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As of Django 1.5, the "reset" management command is gone. Instead, you'll want to do something roughly like south.models.MigrationHistory.objects.all().delete(). –  Andrew B. Mar 1 '13 at 14:53
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@Dominique: Your advice regarding manage.py reset south is dangerous and may destroy the database if there are any third party apps using south in the project, as pointed out by @thnee below. Since your answer has so many upvotes I'd really appreciate it if you could edit it and add at least a warning about this, or (even better) change it to reflect @hobs approach (which is just as convenient, but doesn't affect other apps) - thanks! –  chrisv Mar 26 '13 at 9:09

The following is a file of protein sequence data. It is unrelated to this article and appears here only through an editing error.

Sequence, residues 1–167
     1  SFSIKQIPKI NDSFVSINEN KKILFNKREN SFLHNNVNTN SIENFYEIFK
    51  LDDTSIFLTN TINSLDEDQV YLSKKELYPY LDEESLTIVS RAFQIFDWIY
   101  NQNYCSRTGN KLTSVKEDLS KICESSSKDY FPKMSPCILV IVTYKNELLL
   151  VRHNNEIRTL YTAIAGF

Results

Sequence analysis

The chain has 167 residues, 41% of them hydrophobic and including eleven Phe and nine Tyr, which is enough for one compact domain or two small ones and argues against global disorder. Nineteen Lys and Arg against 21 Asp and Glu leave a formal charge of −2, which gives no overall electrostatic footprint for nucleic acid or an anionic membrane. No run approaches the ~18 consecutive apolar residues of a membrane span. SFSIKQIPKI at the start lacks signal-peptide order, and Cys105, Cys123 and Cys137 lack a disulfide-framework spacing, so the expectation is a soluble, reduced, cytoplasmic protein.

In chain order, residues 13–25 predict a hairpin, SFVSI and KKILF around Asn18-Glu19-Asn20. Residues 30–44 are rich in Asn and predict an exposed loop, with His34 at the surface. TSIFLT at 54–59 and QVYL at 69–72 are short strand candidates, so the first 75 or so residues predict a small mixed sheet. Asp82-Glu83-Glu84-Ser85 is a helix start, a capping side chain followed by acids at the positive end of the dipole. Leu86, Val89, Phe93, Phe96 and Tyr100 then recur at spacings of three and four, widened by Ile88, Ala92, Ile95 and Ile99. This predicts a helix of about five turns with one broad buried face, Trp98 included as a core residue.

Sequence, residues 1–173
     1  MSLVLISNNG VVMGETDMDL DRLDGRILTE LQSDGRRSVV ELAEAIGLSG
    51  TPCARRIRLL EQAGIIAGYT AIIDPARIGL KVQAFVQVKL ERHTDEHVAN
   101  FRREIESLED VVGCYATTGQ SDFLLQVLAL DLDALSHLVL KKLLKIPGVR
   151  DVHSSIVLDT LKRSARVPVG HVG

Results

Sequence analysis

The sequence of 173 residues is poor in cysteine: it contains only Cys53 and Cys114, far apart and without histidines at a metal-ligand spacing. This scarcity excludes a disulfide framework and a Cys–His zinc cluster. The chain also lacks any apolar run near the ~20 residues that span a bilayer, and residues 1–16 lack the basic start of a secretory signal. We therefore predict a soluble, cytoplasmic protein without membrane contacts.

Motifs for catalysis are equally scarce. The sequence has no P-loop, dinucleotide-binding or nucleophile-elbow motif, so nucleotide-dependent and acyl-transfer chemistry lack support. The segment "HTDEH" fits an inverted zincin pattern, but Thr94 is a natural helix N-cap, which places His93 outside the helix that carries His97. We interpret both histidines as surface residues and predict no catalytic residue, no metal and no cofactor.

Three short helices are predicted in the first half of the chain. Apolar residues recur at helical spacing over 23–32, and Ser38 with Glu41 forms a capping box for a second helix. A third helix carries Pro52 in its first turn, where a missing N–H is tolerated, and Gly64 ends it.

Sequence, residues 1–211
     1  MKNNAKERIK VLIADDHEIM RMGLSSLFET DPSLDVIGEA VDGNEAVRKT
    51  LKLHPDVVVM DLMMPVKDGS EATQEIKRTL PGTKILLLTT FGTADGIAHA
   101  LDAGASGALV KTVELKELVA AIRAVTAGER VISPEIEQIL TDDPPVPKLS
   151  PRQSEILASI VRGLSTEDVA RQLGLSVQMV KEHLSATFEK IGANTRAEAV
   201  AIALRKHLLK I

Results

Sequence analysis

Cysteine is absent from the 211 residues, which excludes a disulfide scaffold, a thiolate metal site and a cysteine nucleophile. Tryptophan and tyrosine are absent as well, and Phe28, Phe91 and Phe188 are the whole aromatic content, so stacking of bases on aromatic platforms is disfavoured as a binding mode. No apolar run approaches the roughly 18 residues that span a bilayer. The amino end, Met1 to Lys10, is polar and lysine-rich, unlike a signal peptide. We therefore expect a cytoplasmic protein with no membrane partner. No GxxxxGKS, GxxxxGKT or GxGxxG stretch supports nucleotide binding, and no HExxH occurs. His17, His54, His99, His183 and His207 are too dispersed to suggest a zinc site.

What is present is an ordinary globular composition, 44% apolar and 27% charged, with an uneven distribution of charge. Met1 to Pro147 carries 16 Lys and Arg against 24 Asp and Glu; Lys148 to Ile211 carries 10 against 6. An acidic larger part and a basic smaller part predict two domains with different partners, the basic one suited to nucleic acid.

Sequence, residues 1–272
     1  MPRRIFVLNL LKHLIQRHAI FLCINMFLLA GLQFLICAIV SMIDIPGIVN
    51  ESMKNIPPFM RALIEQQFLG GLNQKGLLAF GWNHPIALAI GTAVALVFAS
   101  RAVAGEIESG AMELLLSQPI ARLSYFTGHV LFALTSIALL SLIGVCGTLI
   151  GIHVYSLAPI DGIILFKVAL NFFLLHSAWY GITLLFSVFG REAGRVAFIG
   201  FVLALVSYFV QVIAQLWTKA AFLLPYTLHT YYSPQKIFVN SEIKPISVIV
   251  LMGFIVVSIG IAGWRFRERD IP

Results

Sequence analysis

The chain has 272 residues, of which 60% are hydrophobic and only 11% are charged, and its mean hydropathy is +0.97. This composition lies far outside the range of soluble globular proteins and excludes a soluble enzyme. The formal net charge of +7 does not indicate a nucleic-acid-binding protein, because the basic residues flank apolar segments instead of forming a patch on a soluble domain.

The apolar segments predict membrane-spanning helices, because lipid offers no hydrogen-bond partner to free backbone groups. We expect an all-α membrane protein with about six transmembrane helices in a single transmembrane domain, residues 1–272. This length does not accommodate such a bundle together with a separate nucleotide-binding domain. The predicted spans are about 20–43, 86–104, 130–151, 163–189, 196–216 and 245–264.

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Why was this so highly upvoted? You should almost NEVER completely delete your south_migrationhistory table. That would completely screw up any dependent apps with migrations you don't want to touch. Hob's answer is the correct one. –  Cerin May 22 '13 at 15:01
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Thanks to the answers by Dominique Guardiola and hobs, it helped me solve a hard problem. However there are a couple of issues with the solution, here is my take on it.

Using manage.py reset south is not a good idea if you have any third party apps that uses South, for example django-cms (basically everything uses South).

reset south will delete all migration history for all apps that you have installed.